On Nonfiction Monday, bloggers across the kidlitosphere write about nonfiction books for kids. Despite all the nonfiction I read, I am only an occasional contributor, mostly due to me often forgetting what day it is. Monday really creeps up on you sometimes, doesn't it? Today, the exceptional kidlit blog The Miss Rumphius Effect is hosting, with links to all of this week's nonfiction posts.
Let us now praise Danica McKellar. Nonfiction Monday, prepare to eat her math.
Would you, have you, responded with knee-jerk distaste to a pretty girl, a TV star, protesting loudly that "Math Doesn't Suck"? (especially when her book with that title is subtitled "How to Survive Middle School Math Without Losing Your Mind or Breaking a Nail"?) Do you find the magazine-style covers of the pretty girl's books, promising personality quizzes, and "boy-crazy confessionals" along with word problems and polynomials, patronizing and/or pandering?
Well, you might. You might. But don't.
Because dang-frabbit, we pick up those types of magazines for a reason - they are fun to read. And Danica McKellar's math books are fun to read. Tips and shortcuts are signaled by wee little fashion-y sketches of girls. Solving for x is compared to wrapping and unwrapping a gift. Typefaces and text adornments proliferate, and are unrelievedly swirly.
But and also. Danica McKellar's books are suffused with a remarkable candor and unapologetic ambition. There are stock market problems right alongside 'how many green beads do I need to make this bracelet' questions. There are testimonials from women who have used math smarts to become successful in their chosen fields.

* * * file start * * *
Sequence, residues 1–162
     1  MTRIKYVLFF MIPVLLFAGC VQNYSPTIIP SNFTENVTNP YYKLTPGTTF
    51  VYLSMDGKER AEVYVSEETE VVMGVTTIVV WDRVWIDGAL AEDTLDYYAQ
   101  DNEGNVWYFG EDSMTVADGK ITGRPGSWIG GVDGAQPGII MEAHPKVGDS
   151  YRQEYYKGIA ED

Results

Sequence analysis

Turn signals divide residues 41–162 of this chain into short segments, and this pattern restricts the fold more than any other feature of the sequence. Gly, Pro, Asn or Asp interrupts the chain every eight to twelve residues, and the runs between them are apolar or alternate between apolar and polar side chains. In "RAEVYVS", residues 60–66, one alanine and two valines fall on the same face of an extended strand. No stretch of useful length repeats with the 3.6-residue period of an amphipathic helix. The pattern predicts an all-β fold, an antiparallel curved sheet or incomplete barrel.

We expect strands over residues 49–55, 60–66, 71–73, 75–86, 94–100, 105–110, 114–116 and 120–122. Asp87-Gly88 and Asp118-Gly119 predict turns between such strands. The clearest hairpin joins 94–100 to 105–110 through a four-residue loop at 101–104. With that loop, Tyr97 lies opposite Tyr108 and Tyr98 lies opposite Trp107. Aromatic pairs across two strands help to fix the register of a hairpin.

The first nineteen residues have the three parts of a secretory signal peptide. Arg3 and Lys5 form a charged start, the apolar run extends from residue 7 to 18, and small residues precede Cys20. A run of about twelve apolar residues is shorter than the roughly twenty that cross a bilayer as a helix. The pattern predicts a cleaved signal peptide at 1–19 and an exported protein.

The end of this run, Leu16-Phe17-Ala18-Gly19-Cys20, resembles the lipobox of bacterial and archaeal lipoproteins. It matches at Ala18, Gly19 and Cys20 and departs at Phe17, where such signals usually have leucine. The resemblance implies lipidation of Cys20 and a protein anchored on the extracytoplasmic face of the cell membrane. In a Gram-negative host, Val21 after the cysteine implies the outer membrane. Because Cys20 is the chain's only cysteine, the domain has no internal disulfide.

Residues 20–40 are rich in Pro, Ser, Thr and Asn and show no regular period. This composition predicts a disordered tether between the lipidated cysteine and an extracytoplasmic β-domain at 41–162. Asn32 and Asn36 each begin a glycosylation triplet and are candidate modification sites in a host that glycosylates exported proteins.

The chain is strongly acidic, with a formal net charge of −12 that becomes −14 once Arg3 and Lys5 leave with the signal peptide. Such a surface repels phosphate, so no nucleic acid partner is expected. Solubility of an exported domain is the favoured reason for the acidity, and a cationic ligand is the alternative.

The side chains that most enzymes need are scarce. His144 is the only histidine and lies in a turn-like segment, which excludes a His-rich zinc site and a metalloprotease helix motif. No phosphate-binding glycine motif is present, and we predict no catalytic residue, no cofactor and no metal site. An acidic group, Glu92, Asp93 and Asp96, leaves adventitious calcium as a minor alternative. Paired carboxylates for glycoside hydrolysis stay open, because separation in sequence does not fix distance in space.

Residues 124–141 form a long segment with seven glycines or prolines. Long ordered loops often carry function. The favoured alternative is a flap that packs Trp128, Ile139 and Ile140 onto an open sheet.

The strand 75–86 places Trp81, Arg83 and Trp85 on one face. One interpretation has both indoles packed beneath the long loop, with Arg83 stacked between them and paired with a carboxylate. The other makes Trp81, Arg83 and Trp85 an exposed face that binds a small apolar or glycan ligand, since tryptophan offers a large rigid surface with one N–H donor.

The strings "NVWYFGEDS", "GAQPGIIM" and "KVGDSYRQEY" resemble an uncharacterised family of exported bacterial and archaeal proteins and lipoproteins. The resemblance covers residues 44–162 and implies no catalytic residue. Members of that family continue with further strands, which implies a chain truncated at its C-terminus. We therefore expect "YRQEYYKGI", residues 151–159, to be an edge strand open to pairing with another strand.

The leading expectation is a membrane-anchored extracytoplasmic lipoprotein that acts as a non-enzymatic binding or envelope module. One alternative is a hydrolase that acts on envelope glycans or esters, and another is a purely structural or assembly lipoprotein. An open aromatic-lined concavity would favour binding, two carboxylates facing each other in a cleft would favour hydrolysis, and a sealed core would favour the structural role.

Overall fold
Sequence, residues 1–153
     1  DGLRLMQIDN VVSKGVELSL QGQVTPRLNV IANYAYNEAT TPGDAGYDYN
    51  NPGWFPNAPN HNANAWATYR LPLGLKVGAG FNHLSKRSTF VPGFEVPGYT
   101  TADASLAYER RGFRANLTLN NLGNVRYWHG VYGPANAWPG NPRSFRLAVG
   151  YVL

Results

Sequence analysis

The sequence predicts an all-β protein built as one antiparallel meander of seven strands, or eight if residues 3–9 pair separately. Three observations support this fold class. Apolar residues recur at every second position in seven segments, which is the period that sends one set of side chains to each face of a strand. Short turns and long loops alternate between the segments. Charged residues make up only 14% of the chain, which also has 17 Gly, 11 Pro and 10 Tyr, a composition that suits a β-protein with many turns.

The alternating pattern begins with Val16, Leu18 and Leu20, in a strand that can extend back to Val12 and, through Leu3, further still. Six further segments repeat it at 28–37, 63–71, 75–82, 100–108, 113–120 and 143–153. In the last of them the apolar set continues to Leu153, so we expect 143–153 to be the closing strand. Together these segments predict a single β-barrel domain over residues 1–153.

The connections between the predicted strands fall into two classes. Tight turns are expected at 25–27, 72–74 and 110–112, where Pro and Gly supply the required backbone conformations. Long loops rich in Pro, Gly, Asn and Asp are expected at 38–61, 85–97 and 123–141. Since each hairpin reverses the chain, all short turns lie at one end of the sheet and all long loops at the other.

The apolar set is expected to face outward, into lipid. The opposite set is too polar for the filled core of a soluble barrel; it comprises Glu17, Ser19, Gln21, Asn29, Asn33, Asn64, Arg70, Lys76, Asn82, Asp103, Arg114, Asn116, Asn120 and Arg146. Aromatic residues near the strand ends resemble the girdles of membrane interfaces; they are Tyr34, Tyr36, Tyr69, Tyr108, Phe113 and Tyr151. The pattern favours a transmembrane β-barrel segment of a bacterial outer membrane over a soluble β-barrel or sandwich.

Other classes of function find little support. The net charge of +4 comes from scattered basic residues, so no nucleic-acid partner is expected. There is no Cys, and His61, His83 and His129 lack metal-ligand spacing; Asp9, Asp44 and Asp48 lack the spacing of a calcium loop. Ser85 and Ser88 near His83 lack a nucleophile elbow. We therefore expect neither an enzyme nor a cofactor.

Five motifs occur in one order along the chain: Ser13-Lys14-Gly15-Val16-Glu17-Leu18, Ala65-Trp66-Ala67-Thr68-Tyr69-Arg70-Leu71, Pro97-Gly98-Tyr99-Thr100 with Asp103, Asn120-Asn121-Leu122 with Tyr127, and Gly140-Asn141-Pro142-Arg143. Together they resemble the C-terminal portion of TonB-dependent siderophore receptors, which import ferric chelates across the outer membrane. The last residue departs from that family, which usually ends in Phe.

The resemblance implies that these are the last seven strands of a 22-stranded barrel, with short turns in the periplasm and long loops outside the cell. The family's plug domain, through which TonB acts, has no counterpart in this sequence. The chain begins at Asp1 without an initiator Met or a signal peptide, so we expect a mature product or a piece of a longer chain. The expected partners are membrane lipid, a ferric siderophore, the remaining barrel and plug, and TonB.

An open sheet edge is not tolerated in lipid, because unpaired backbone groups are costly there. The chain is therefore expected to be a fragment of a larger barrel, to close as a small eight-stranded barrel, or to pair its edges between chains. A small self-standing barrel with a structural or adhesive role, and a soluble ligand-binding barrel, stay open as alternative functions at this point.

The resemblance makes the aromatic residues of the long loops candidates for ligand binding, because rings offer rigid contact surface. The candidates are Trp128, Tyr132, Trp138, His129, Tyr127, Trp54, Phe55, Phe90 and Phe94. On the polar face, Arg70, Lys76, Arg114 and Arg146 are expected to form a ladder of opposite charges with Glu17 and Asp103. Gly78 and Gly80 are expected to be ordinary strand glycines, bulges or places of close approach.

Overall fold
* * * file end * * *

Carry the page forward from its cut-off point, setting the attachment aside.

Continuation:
On the one hand: "I like to think of the inside of the absolute value bars as a nice relaxing place like a luxury spa, because when a number comes out, it's so happy and positive!" On the other hand: "Being a savvy investor with your hard-earned money is a real benefit of understanding algebra, and it's making you a more powerful young woman, right now."
And on the third hand (this is a post about a math book, not an anatomy book, so shut up), Danica's first book, published in 2007, has circulated an average of 16 times per copy in the 3 years it's been in my library system. And that's a book buried in the 510s, far from the children's section, or even the YA shelves. (I used math - or, as my hairsplitting father would insist, arithmetic - to arrive at that knowledge.)
Finally, I enjoy her voice. "We've all seen those reality shows where people compete to get their dream job... that is, if they don't get eliminated or 'fired' right there on the spot. Yikes! I don't know, man. Those shows seem really cruel to me." That sounds JUST like my niece Althea, a PhD candidate in marine science and frequent math user. And this comment about The Apprentice, believe it or not, leads to a discussion of negative and zero exponents. Zero exponents. Who knew zero could be an exponent? Not me, not until I read this chapter. And that's really what counts (forgive the pun). Does Danica McKellar explain mathematical concepts and practical problem-solving strategies clearly, without unnecessary repetition, and without the reader becoming short of breath and needing a cool cloth to the forehead?
And that's a yes. I am Team Winnie.